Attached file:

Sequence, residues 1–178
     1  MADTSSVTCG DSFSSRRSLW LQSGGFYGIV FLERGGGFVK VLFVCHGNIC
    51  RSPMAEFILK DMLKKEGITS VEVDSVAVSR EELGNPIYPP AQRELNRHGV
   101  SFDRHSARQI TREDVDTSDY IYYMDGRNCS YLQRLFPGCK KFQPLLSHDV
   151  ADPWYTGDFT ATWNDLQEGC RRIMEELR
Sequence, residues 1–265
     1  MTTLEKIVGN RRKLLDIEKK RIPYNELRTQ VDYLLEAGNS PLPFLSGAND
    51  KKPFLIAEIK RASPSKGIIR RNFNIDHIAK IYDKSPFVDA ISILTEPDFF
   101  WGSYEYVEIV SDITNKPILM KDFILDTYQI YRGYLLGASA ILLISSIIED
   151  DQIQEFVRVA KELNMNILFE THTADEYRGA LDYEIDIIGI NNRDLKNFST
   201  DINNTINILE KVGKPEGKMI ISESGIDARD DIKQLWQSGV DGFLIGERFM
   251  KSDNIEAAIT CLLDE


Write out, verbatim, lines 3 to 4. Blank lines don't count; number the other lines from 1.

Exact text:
    51  RSPMAEFILK DMLKKEGITS VEVDSVAVSR EELGNPIYPP AQRELNRHGV
   101  SFDRHSARQI TREDVDTSDY IYYMDGRNCS YLQRLFPGCK KFQPLLSHDV